New York State Vital Records Office
New York State Dept of Health
Vital Records Section
P.O. Box 2602
Albany, NY 12220-2602
Please note: Genealogy Requests take six months to process.
You may also send your request directly to the local registrar or town clerk of the city, town or village where the birth or death occurred. A marriage license may be obtained from any town clerk in the state.
The time periods listed below for obtaining a vital record are waived if the applicant is a descendant or has been designated to act on behalf of a descendant of the person whose record is being requested. The $11.00 fee for a genealogical copy includes both a copy of the certificate (marked "For Genealogical Purposes Only.") and a search of their files for up to three years. If they can find no certificate for the event, you will receive a "No Record Certification" form.
New York State Archives
New York Department of Education
Cultural Education Center, Room 11D40
Albany, NY 12230
||Genealogy copies are $11.00 and are available if the certificate has been on file for at least 75 years and the person whose name is on the birth certificate is known to be dead.|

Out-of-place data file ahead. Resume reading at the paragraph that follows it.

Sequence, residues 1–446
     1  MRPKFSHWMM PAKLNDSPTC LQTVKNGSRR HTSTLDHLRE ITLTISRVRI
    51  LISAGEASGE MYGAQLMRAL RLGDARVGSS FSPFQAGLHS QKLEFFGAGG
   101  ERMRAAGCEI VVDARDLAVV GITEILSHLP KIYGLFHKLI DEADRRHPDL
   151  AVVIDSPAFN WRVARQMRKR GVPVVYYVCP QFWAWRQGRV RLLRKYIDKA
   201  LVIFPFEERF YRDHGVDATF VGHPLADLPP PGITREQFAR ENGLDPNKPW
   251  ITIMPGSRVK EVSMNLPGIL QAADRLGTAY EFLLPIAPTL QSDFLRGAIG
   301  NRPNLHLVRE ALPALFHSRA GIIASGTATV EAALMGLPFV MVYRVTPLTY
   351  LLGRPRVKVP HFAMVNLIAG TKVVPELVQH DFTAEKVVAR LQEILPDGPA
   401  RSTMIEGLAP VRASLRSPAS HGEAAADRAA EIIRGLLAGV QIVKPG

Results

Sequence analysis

||Genealogy copies are $11.00 and are available if the certificate has been on file for at least 50 years.|
|| For genealogy use are available if the certificate has been on file for at least 50 years and the bride and groom are both known to be deceased.|
||For marriage records and licenses issued in the cities of Albany, Buffalo or Yonkers, apply to:|
- Albany: City Clerk, City Hall, Albany, NY 12207
- Buffalo: City Clerk, City Hall, Buffalo, NY 14202
- Yonkers: Registrar of Vital Statistics, Health Center Building, Yonkers, NY 10701.
||Since Jan. 1963
|| If the records are not available at the State office, they should be available from the County Clerk in the county where the divorce was granted.|
|| Since 1847 divorce actions in New York have been handled in the supreme court for the county in which the divorce was heard. New York divorce files, however, are sealed for one hundred years. In colonial times, petitions for divorce had to be made to the governor or legislature, and only a few were granted. The court of chancery granted divorces from 1787 to 1847. These older records are in the State Archives.|
New York Counties:
Albany, Allegany, Bronx, Broome, Cattaraugus, Cayuga, Chautauqua, Chemung, Chenango, Clinton, Columbia, Cortland, Delaware, Dutchess, Erie, Essex, Franklin, Fulton, Genesee, Greene, Hamilton, Herkimer, Jefferson, Kings, Lewis, Livingston, Madison, Monroe, Montgomery, Nassau, New York, New York City, Niagara, Oneida, Onondaga, Ontario, Orange, Orleans, Oswego, Otsego, Putnam, Queens, Rensselaer, Richmond, Rockland, Saratoga, Schenectady, Schoharie, Schuyler, Seneca, St. Lawrence, Steuben, Suffolk, Sullivan, Tioga, Tompkins, Ulster, Warren, Washington, Wayne, Westchester, Wyoming, Yates
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